Articles written by Corinne Cath:
“I just want to be happy, walk with tranquility in the favela where I was born. And be proud and have the awareness that a poor person has his place… My dear authorities, I don’t know what to do anymore. With so much violence I am afraid to live. Because I live in the favela I am disrespected. Sadness and joy walk hand-in-hand… While the rich live in a beautiful house, the poor are humiliated and demoralized in the favela… All I ask of the authorities is a bit more competence.”
(Rap da Felicidade by Cidinho)
These lyrics come from a song named ‘Rap More >
“In theory it sounded like one of the most innovative models for including citizens in the democratic decision making process,” one Federal University of Rio doctoral candidate told me. Her research focuses on participatory processes in the favelas pacified under the Pacifying Police Units (UPP). She continued: “But spending a year closely following meetings between residents and the government showed me that it was just that: participatory only in theory.”
Democracies require some degree of public involvement. Citizen participation is a complicated concept, because it is not a well-defined ‘thing’ but rather a scale of different degrees of inclusion of More >
Over the past month I’ve crashed the occasional night on the couch of a friend in Rocinha, as is common among many young foreigners who visit Rio’s favelas not only to research or volunteer, but to socialize. Nothing out of the ordinary, or so it seems. Except, that is, if you ask with whom and where. My friend is foreign and the apartment he is sharing with another ‘gringo’ is part of the PAC housing unit in Rocinha.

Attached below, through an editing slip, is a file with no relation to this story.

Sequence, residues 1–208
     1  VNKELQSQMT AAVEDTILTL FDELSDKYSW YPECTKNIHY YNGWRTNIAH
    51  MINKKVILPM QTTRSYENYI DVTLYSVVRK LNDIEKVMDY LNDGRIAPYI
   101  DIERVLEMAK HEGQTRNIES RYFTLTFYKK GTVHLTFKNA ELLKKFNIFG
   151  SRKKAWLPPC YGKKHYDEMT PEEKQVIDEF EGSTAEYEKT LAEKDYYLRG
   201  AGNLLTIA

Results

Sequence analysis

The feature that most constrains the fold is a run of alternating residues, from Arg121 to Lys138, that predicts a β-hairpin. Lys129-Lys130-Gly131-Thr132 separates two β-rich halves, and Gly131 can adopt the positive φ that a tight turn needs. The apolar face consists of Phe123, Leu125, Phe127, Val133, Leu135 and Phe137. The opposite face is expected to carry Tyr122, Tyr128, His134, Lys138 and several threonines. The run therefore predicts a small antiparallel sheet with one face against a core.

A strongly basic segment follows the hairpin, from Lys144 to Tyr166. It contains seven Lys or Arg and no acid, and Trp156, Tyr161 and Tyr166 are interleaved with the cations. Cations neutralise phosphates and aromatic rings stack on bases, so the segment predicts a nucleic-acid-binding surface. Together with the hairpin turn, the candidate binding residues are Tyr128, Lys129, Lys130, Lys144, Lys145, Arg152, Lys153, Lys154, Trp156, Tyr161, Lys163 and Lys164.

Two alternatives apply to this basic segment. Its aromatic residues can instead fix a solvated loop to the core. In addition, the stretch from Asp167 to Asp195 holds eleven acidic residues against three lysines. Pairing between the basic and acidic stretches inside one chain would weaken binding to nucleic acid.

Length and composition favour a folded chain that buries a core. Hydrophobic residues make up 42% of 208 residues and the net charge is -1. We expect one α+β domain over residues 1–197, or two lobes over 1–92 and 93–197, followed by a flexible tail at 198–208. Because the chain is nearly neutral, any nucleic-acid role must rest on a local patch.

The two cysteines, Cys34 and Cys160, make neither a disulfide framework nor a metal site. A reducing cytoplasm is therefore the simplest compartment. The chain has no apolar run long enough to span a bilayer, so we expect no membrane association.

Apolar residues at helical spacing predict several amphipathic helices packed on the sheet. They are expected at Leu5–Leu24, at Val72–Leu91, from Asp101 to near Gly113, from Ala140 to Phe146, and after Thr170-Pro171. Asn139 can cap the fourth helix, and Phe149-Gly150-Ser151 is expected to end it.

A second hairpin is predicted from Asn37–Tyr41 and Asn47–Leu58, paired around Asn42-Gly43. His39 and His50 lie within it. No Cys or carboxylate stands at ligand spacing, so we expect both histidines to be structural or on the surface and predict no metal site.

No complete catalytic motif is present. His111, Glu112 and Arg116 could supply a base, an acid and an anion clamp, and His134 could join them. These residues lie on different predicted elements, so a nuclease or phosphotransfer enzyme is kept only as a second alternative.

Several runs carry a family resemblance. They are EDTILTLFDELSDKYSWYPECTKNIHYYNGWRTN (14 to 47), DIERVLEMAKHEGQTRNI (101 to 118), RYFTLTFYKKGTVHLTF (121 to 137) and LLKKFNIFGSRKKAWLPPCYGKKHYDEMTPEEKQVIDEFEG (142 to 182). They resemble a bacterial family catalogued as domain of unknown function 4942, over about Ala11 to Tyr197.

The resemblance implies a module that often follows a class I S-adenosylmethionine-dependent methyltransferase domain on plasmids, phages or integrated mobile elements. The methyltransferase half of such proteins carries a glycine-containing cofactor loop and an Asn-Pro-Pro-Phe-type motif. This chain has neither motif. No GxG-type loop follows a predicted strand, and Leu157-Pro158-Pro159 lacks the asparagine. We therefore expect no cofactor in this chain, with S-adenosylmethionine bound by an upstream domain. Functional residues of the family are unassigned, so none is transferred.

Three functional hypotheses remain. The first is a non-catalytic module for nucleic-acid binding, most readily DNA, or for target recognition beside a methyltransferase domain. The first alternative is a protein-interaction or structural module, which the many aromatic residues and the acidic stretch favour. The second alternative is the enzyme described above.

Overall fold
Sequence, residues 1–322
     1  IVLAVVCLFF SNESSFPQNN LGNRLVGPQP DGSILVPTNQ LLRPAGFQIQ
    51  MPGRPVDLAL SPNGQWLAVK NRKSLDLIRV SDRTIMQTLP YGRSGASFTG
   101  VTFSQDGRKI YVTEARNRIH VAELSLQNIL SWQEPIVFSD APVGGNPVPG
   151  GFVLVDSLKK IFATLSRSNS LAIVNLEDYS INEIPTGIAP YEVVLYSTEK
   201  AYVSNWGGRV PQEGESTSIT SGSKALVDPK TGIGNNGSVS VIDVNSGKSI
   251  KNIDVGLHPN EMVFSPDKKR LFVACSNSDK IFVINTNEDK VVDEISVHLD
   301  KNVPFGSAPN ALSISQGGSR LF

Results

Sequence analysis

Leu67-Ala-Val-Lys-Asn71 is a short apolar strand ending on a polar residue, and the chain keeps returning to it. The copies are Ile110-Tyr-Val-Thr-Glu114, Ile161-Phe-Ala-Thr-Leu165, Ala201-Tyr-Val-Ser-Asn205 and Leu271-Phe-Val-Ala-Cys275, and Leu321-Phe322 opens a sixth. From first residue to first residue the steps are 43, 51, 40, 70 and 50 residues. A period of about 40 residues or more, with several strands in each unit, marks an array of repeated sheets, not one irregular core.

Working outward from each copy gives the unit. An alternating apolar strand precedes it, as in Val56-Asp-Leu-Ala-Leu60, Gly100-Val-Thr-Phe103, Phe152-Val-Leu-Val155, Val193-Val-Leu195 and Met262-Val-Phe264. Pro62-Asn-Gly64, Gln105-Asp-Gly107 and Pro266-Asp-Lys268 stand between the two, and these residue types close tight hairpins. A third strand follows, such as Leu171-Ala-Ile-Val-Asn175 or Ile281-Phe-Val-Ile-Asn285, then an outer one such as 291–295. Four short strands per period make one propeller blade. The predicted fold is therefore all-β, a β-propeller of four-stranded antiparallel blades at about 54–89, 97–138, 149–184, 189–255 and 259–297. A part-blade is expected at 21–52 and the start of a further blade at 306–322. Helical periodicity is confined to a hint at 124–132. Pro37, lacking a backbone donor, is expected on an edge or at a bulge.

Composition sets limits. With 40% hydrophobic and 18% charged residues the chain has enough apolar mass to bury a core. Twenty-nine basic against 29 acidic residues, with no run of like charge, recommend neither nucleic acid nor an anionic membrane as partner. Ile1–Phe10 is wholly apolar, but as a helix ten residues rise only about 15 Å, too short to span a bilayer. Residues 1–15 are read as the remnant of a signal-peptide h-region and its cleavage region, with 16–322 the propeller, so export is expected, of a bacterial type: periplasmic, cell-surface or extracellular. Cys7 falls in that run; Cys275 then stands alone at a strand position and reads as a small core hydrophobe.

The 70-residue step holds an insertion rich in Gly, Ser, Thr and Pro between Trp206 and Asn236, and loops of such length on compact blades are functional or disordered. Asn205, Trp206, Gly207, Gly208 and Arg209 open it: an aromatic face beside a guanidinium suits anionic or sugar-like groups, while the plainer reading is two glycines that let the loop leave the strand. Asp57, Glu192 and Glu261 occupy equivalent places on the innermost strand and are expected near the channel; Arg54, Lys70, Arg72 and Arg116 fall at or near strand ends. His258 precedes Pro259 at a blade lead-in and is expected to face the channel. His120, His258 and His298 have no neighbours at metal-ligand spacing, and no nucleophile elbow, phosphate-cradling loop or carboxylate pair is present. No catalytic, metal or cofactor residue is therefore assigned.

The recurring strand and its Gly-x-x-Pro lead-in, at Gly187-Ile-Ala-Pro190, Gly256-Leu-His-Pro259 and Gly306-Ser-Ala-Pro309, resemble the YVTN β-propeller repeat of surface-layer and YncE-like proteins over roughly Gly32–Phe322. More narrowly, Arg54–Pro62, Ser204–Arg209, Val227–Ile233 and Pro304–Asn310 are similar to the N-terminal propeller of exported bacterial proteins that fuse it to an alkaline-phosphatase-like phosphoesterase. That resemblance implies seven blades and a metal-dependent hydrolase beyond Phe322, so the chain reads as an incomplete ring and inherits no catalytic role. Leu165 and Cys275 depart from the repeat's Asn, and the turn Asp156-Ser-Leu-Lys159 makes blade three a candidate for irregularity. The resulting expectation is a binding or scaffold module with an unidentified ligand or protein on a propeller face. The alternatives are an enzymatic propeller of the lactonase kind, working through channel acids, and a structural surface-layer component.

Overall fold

As legend goes, once upon a time there were two blocos (carnival street parties) leaving from opposite ends of Ipanema. In their first year they met in the middle and turned around to return to their point of departure. The same happened in their second year. Then in their third year the two blocos met in the middle… but this time somebody screamed ‘Que merda é essa?!’ (What the ****?!) and the two blocos mixed becoming the now famous ‘Que Merda é Essa?’ bloco of Ipanema.
This story, however, is not typical of the birth or nature of most blocos. This year’s More >
‘Please be careful when you open the overhead luggage after landing, and please remember there is still time to give a donation to our youth program in the favelas. Your donation can help a young person get out of a life of misery, drugs and poverty.’ Misery. Drugs. Poverty. The pilot that landed my plane at Galeão International airport had in three words summarized the most commonly heard dogmas about the favela.
The word favela is commonly associated with the word slum, shantytown, squatter community or ghetto. Each of these words carries a negative connotation, slum implies squalor, shantytown suggests precarious More >